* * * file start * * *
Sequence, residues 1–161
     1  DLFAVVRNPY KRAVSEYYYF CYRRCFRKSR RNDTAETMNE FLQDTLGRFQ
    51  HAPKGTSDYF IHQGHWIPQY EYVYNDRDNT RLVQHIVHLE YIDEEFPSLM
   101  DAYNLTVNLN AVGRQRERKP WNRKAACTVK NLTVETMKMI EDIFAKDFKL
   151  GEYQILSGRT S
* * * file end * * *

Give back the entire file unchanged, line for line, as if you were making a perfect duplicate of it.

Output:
Sequence, residues 1–161
     1  DLFAVVRNPY KRAVSEYYYF CYRRCFRKSR RNDTAETMNE FLQDTLGRFQ
    51  HAPKGTSDYF IHQGHWIPQY EYVYNDRDNT RLVQHIVHLE YIDEEFPSLM
   101  DAYNLTVNLN AVGRQRERKP WNRKAACTVK NLTVETMKMI EDIFAKDFKL
   151  GEYQILSGRT S